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Sharon Wolf

Kenji Kitamura, Dana Charles McCoy, Sharon Wolf.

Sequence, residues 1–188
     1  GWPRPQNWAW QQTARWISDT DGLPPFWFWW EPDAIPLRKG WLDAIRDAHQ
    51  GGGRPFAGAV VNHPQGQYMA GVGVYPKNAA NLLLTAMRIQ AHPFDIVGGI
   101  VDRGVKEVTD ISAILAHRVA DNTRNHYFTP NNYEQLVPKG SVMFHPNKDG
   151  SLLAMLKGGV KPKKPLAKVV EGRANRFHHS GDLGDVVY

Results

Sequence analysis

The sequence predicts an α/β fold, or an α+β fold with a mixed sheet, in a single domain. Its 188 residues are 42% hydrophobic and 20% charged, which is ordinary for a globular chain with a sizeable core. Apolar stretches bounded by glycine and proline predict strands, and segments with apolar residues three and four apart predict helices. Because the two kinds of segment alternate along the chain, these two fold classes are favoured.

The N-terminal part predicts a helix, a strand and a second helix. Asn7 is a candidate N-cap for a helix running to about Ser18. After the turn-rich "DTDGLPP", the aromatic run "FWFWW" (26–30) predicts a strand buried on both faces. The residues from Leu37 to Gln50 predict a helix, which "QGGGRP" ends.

Children's approaches to learning (AtL) are widely recognized as a critical predictor of educational outcomes, especially in early childhood. Nevertheless, there remains a dearth of understanding regarding the dimensionality of AtL, the reciprocal dynamics between AtL and learning outcomes, and how AtL operates in non-Western contexts. This paper aims to extend the existing AtL literature by both conceptually and empirically investigating the dimensionality of the AtL scale of the International Development and Early Learning Assessment (IDELA) – a globally used measure of early childhood development – based on data from Ghanaian children newly enrolled in formal schooling. Additionally, our research explores reciprocal relationships between AtL subconstructs and academic skills over time. Our analysis identifies two dimensions within the IDELA AtL scale: Self-Regulation (SR) and Motivation. We found that children with higher levels of SR early in schooling demonstrated better literacy and numeracy skills in later grades compared to their peers with low early SR, whereas children's motivation did not predict subsequent literacy and numeracy skills. This study enhances understanding of AtL in non-Western contexts, with implications for culturally appropriate support for children’s engagement in learning.

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